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Debra Wallace

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God anointed Jesus:

“to proclaim the year of the Lord’s favor and the day of vengeance of our God, to comfort all who mourn, and provide for those who grieve in Zion— to bestow on them a crown of beauty instead of ashes, the oil of joy instead of mourning, and a garment of praise instead of a spirit of despair.”

Isaiah 61:2-3 NIV

Several years ago while shopping in Santa Fe, I found myself drawn to a local yarn store. Two magnets attract, what can I say? In the shop were all kinds of textures, fibers, and colors- a knitter’s dream come true. 

A display caught my eye- one including a wool scarf made with soft yellow, subtle lilac, and sage green yarns. It was gorgeous- reminding me of a fresh spring day, complete with wild daisies and mountain iris. 

As fresh and lovely as the spring colors were, my mind wouldn’t go there. Instead, I was drawn to the neutrals- black, white, and gray. 

You see, I was in mourning- my color choices needed to reflect my feelings. I bought the yarns knowing why I needed them- the yarn would play a part in my healing process. 

I began to knit the scarf pattern. I knit and knit and knit some more. I knit until I ran out of yarn- I didn’t care about the length. 

As I got into the pattern’s rhythm, changing yarns every so often, and relaxing in a chair, the sadness, stresses, and future’s uncertainties all melted away. (Therapy without the expense of a therapist.)

I’ve heard other knitters, quilters, and crafters experience this, too. Meditative Therapy

Mindless repetition- transferring stitches one needle to the next. Repeat, relax, slow down, think, and pray. One stops thinking about the stitches (no counting necessary) and instead allows the mind to go where it needs to.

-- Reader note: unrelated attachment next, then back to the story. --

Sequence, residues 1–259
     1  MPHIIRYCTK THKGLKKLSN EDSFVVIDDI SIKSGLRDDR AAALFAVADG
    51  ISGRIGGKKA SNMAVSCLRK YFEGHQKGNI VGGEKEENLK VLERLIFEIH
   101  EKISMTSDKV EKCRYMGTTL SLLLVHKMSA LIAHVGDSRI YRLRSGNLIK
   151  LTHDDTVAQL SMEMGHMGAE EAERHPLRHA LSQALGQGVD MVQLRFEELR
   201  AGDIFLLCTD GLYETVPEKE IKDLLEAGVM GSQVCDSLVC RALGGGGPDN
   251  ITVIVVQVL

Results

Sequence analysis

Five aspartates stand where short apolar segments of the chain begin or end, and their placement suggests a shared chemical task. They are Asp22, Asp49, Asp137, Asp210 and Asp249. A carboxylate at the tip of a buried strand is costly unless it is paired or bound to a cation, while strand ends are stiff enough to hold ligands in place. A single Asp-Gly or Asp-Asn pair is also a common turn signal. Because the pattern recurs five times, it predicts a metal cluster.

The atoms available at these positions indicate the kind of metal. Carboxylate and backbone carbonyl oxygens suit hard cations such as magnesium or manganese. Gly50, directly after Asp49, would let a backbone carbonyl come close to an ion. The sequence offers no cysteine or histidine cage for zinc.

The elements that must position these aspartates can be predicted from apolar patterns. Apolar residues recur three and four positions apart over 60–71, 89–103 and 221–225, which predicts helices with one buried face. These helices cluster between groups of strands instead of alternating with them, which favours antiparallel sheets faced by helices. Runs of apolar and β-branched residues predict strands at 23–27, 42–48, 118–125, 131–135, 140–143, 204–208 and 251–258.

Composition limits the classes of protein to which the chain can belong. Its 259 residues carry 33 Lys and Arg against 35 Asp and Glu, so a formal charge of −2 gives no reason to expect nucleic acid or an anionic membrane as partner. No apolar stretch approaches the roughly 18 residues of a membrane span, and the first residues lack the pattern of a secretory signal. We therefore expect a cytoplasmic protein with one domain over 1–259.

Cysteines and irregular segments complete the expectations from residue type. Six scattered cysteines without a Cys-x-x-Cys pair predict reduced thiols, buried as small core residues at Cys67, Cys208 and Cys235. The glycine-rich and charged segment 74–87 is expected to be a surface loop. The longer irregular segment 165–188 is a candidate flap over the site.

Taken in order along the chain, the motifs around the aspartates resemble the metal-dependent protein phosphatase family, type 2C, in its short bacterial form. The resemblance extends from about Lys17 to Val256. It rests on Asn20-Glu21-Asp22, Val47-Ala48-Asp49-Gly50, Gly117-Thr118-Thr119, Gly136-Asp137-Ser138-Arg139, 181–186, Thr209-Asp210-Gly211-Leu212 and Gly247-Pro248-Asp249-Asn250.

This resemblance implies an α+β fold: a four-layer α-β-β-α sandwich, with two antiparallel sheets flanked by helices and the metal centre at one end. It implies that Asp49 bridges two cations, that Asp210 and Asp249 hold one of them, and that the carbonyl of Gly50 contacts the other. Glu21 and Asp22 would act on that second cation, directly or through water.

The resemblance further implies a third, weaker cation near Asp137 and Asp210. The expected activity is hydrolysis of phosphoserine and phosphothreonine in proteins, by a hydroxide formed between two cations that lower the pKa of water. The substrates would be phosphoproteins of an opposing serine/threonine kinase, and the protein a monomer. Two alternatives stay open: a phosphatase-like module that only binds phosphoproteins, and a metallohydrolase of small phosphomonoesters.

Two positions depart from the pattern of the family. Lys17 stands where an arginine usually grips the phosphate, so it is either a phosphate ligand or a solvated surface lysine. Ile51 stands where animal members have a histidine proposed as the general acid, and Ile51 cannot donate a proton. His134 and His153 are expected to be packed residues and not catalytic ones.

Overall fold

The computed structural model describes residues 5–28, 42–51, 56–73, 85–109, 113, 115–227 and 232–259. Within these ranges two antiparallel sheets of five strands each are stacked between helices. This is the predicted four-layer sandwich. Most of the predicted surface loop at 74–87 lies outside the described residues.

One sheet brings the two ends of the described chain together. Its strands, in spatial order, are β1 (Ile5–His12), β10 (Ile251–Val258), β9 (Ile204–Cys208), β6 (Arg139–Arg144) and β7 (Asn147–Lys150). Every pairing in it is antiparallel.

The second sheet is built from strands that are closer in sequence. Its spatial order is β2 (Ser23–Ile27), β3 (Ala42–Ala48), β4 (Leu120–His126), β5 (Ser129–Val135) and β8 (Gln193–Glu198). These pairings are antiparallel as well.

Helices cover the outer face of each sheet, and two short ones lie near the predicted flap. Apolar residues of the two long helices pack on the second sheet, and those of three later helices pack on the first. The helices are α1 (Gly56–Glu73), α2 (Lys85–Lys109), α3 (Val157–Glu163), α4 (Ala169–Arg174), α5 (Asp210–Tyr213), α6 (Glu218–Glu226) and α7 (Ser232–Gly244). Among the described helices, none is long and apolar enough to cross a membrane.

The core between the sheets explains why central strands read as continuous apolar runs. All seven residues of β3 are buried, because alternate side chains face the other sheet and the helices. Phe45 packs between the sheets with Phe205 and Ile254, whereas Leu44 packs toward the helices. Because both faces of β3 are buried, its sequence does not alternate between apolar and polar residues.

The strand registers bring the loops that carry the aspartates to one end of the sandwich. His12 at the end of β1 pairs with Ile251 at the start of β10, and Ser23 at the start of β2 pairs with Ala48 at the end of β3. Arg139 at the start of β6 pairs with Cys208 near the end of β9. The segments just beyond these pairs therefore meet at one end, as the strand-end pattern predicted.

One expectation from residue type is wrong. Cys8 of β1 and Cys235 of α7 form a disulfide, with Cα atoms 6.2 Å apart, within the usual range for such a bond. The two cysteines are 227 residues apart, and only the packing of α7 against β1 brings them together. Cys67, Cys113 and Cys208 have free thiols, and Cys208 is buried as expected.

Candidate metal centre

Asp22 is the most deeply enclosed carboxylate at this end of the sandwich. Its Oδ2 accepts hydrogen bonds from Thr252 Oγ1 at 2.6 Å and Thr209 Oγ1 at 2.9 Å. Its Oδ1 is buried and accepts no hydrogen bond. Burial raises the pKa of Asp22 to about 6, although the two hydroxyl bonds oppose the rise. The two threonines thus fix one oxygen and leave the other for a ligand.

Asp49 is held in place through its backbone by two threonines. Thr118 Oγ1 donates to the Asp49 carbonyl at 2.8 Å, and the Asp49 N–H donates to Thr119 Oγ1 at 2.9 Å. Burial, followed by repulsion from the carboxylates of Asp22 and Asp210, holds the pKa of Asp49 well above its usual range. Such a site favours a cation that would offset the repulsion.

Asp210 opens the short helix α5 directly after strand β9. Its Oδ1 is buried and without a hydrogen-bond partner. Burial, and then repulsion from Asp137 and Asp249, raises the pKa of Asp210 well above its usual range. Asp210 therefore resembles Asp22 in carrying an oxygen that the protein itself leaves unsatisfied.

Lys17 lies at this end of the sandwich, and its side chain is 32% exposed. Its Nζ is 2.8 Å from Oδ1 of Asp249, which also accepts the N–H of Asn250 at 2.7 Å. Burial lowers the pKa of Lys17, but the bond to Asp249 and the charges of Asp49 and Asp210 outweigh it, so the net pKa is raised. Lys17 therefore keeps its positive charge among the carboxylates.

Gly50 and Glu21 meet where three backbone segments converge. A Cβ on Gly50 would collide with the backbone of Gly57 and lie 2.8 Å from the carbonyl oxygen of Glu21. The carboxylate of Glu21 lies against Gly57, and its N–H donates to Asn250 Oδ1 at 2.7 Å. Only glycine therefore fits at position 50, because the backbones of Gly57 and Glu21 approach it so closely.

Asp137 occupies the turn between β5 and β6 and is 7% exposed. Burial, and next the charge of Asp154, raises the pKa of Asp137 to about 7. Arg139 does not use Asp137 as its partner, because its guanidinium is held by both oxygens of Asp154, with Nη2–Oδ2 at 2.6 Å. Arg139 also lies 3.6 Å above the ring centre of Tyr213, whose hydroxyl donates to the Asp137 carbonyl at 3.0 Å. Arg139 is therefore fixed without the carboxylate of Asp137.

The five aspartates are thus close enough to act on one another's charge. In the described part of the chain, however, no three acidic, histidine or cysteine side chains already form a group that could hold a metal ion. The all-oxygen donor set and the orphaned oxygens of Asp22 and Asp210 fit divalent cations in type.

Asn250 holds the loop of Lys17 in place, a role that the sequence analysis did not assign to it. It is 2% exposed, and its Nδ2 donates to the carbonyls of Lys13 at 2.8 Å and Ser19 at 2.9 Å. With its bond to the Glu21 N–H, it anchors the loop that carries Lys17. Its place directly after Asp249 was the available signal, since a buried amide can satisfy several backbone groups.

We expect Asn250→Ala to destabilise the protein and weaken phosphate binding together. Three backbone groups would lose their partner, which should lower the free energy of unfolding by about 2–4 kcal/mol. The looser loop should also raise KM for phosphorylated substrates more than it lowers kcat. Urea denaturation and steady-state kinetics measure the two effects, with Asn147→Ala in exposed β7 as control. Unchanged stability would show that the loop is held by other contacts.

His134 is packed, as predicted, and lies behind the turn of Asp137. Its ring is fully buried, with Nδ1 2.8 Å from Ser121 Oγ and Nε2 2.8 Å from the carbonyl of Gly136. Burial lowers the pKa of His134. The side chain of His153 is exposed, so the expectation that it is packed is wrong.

As I mentioned before, I was knitting A LOT that summer. The yarn was lace weight requiring skinny size 2 knitting needles. It was going to take awhile to complete the project, but I looked forward to my meditative time- never in a hurry to finish. 

Each time I brought my daughter to her horse lesson, I sat, watched, and knit. My worries, cares, and concerns floated away as I silently grieved the loss of a relationship. 

Loneliness and confusion departed for a time. Burdens lifted, weariness- gone. All the sorrows I felt were knit right into that scarf, making something beautiful out of something heart-crushing. 

Maybe you find yourself saddened lately- perhaps grieving about all of the recent changes you’ve been experiencing? Loss of a loved one, changes with work, suddenly homeschooling and uncertain futures? We may be left feeling low. 

Giving knitting (or something else) a try may be just the thing to lift spirits. Mourn a loss, if need be. Healing is on the horizon my friend.  God will make beauty from ashes, even if it ends up being a scarf. 

6 comments on “Meditative Therapy/Mourning a Loss

  1. Carina says:

    Love this Deb!
    Healing is a journey- a long slow process that takes time and effort to really walk through. On the other side is an amazing view of God, and all through the journey are reminders that God loves us deeply and little blessings from him. Praise our amazing
    Heavenly Father for NEVER leaving us to walk this on our own! Love what you are doing in this ministry!!!!!!!!!!!!!

    Liked by 1 person

    1. Yes. Healing is a journey! Grateful God is walking me through it! Thank you for sharing, Carina.


  2. Curious, would you check to see if my daughter is opening your messages. This post by you expresses why I buried myself in quilting. My daughter was angry that I was wasting my time sewing. There was not point in spending so much time on something that wasn’t being sold. It really hurt my feelings. Sadly, I packed all my sewing away. All the fabric and idea books. The very sight of it made me sad and her angry. There is a novel I read last year that had a paragraph wrapped around the prime character quilting for therapy. It resonated.

    You are a beacon for women of all types.

    Be of Good Cheer- Diana


    Liked by 1 person

  3. Creating something new is such a good way to move forward, especially being methodical and not extremely complicated, but resulting in something beautiful. Too many people drown their sorrows by being self-destructive, ending up with nothing to show for it, and actually worse off. Thanks for posting a better way.
    (The scarf is beautiful, by the way. 🙂 )


    1. Yes. Healing is a journey! Grateful God is walking me through it! Thank you for sharing, Carina.


    2. Appreciate this feedback. Knitting calms and relaxes me. It’s a blessing! Thank you for the comment.


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